With the Freedom Caucus on board for the MacArthur amendment to the GOP’s lousy Obamacare reform bill, all eyes are on the Republican moderates of the House. At their current rate, they are going to kill the bill because they believe it repeals too much of Obamacare. Cowards.
The Hill’s whip list currently has 21 Republicans voting “no” on the legislation. If the GOP loses one more vote, there will not be enough Republicans to get the bill to 217 (with every Democratic member voting against Obamacare reform).
While some members like Rep. Andy Biggs, R-Ariz., and Rep. Thomas Massie, R-Ky., refuse to vote for the bill because it breaks the Republicans’ promise to fully repeal Obamacare, the majority of no votes are centrists who think the repeal legislation goes too far.
With the bill’s failure likely imminent, the vote has been delayed.
Republicans won’t vote on health care this week.
“Did I ever say we were gonna vote this week?” Kevin McCarthy says.
— Matt Fuller (@MEPFuller) April 28, 2017
Just what do the moderates want, short of keeping Obamacare in its current form? The Freedom Caucus bent over backward to find a compromise that they could vote for. When the original promise was full repeal, conservatives compromised to just repealing the insurance regulations driving up premiums. When that fell through, they settled on the current plan to give some states waivers to make repeal of those regulations optional. How do the moderates want to drag the bill further to the left?
By protecting entitlement programs.
Speaking to the Washington Examiner, Rep. Chris Collins, R-N.Y., said that the moderates could potentially be swayed to vote yes if some changes to Medicaid were undone.
“I think we understand that the MacArthur language is the language,” he said about the amendment made public this week that would allow states to opt out of certain Obamacare requirements. “But there are a couple of other tweaks that could occur on the Medicaid side to help in some extent, without it being such a huge issue that it would lose anybody.”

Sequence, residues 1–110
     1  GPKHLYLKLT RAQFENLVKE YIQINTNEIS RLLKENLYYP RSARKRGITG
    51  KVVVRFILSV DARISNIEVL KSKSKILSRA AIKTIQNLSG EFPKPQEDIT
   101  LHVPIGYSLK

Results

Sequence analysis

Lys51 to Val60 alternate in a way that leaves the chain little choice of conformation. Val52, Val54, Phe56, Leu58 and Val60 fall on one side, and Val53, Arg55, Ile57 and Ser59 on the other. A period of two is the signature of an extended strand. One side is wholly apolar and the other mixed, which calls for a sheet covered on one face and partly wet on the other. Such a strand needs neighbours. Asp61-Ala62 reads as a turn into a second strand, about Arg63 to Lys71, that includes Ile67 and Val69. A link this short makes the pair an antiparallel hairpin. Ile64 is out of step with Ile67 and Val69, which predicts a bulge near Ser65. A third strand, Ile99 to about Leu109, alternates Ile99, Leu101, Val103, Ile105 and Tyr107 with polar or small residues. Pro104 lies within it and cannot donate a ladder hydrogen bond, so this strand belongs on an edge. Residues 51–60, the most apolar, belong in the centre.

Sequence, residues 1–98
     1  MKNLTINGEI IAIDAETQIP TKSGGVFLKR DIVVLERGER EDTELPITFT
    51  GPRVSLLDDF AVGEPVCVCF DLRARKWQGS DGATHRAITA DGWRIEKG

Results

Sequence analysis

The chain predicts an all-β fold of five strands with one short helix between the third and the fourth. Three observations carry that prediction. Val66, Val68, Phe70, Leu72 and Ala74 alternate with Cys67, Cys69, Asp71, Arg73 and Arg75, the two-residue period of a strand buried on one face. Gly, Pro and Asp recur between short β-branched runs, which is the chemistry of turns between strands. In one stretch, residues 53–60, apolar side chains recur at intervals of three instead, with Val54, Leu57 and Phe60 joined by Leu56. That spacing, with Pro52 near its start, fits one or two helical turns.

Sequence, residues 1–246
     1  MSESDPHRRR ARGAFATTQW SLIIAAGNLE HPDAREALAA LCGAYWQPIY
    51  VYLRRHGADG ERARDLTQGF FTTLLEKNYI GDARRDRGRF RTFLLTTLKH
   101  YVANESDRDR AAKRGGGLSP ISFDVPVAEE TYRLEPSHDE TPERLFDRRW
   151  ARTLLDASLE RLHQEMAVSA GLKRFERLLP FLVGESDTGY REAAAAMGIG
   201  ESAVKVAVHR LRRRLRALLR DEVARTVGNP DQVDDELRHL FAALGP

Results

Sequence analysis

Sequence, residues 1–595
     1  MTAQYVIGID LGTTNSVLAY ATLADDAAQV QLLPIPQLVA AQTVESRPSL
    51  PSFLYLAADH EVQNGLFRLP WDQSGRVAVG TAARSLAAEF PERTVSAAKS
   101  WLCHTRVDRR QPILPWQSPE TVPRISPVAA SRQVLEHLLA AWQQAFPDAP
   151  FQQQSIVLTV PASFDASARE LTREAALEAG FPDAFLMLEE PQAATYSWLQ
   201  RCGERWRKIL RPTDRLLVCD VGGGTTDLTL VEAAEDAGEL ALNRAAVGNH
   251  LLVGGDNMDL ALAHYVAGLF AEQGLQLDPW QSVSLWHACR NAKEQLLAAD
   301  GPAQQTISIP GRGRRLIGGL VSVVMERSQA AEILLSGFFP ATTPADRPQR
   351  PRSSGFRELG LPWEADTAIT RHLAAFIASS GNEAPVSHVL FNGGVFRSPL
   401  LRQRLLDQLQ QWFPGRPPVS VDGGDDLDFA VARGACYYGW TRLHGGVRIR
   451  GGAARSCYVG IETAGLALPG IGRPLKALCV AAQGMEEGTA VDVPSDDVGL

Centrists opposed to the current version have noted that the bill would cut $880 billion from Medicaid, saying they are concerned about taking coverage away from low-income constituents. Collins said they are worried about provisions in the legislation that would allow states to change their Medicaid funding to a block grant or to a system that would place a per-capita cap on funding, structures that would limit spending but also give states more flexibility about how to use federal dollars.
The sticking point for RINOs is an $880 billion cut to government spending on the Medicaid entitlement program that has repeatedly proved itself to be an abject failure. Seven years of campaign promises from Republicans down the toilet because there are too many members of Congress afraid of touching entitlement programs.
By now it should’ve been clear that the Republican Party had no intention of fully repealing Obamacare. But the concessions demanded by too many Republicans are enlightening.
If Republicans cannot achieve moderate entitlement reform to Obamacare now, what can voters expect from the GOP regarding other pledges — e.g. entitlement reform for the likes of Social Security, Medicare, Medicaid writ-large? These are the programs that are driving the mass majority of government spending.
If the Republican Party is the party of smaller government, and its members in power refuse to shrink the size of government, what is the GOP’s raison d’être?
And why should small-government conservatives belong to the Republican Party?
Chris Pandolfo is a staff writer and type-shouter for Conservative Review. He holds a B.A. in politics and economics from Hillsdale College. His interests are conservative political philosophy, the American founding, and progressive rock. Follow him on Twitter for doom-saying and great album recommendations @ChrisCPandolfo.
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